While much of New Zealand’s aged care support comes from our health budget - funded by you and me, corporates are shipping off the profits to their overseas shareholders.

I also know how much former Labour Ministers did to try to address the problem of low pay in this burgeoning industry, and how much it was resisted by the industry.  They seem to be more interested in discussing their return on investment rather than the terrible state of the workforce and the crises that keep occurring through low-paid workers caring for very vulnerable old people.

Some Oceania workers are paid as little as $13.61 an hour.  They shouldn’t have to strike.

But that’s all they can do.


Strike breaking unlawful

Posted by on March 11th, 2011

The Court of Appeal’s overturning of an Employment Court ruling that the use of strike breakers during the 2009 dispute between the Dairy Workers Union and the Talley’s company, Open Country Cheese is welcome, even if it comes too late for the workers who were involved in that dispute.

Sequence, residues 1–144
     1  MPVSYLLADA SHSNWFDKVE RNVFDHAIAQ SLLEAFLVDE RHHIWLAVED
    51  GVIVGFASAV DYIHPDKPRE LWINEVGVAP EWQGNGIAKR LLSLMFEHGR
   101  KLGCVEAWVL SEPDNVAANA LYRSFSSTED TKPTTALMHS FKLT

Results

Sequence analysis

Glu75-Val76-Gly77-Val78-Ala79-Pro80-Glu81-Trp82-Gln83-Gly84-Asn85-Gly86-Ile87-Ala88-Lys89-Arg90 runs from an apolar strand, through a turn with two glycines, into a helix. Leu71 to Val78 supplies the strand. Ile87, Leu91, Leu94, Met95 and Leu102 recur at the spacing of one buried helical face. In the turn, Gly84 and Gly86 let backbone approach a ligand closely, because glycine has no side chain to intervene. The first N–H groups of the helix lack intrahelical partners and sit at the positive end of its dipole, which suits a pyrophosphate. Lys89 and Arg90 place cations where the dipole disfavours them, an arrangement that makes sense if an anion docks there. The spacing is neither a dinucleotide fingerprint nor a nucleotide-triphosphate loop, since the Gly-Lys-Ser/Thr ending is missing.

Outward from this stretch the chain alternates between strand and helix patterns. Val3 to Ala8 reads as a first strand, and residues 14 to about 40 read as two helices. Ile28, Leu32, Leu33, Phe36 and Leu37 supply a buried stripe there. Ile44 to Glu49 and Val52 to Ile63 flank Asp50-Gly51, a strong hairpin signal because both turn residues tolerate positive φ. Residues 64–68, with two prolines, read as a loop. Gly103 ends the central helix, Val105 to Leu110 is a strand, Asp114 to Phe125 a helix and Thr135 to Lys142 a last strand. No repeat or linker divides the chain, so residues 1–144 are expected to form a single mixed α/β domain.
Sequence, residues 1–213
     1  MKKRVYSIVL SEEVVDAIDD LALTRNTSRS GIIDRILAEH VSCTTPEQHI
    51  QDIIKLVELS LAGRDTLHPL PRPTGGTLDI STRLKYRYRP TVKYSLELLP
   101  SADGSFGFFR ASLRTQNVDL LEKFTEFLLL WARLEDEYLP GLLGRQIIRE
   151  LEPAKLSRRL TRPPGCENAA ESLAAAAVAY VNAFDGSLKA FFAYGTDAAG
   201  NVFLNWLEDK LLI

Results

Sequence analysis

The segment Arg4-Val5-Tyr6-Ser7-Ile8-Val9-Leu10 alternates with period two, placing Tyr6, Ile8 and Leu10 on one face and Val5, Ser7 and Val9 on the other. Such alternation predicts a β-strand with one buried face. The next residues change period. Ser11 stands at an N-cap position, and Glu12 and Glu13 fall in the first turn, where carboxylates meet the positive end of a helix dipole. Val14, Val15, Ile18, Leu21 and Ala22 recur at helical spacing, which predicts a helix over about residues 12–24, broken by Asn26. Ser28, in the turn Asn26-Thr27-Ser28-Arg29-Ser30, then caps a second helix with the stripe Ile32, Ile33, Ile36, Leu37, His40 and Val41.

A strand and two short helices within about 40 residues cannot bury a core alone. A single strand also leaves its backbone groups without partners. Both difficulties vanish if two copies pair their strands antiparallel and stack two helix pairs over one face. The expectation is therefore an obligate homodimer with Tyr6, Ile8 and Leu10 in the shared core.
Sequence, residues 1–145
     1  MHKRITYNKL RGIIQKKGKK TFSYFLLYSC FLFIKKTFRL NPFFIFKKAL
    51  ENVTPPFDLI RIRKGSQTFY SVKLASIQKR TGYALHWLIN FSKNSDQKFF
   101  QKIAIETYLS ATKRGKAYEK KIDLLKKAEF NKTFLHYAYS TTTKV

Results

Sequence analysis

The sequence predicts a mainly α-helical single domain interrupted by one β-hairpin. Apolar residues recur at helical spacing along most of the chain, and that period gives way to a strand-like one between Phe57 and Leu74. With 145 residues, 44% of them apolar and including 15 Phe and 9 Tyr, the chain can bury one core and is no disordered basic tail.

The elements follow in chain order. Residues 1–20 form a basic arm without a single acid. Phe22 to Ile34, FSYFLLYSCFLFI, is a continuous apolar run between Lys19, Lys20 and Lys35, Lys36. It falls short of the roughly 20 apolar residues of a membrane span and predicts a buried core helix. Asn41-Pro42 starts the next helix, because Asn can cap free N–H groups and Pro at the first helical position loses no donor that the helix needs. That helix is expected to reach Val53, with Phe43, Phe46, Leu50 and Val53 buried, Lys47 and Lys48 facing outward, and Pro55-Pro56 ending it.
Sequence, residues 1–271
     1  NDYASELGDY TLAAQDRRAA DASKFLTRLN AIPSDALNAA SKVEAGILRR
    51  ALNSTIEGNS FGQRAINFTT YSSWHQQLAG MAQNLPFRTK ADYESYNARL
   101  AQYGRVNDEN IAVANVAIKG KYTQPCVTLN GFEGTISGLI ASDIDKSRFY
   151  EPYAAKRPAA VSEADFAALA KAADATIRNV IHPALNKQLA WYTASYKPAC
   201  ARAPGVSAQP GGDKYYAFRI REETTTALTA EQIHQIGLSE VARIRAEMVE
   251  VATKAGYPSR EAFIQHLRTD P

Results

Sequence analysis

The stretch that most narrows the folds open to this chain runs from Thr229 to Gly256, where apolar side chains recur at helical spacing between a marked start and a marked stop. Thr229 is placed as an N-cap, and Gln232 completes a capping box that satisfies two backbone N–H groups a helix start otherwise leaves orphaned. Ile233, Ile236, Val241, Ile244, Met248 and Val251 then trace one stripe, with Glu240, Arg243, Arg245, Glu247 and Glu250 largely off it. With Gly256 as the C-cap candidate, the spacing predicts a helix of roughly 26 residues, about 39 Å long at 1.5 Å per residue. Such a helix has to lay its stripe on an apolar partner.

The intention of s97 of the Employment Relations Act is to ensure that workers can take lawful strike action without being starved into submission by a company being able to operate with replacement labour. The right to strike has long been regarded as a fundamental protection for workers, for obvious reasons. In the absence of a right to strike workers have no protection against the inherently unequal bargaining power of employers. Firm anti strike breaking measures are needed.

The Court of Appeal has clearly restated the right of workers to take strike action and was equally clear that s86 of the Employment Relations Act prohibits employers from engaging strike breakers in an attempt to break the strike.

It’s just a pity that this decision came too late to enable a fair outcome for workers who were seeking the right to organise a union collective at Open Country Cheese. The actions of Open Country Cheese at the time were appalling, with intentionally intimidating actions, including locking out the workers.

However, it’s better late than never. I am pleased that the Court has upheld the intention of the law so that workers and employers are clear about their rights and obligations when industrial action takes place.

It’s really hard for workers to access collective bargaining, particularly where their employer is determined to defeat them. This will be looked at again as we develop Labour’s employment relations policy for the election.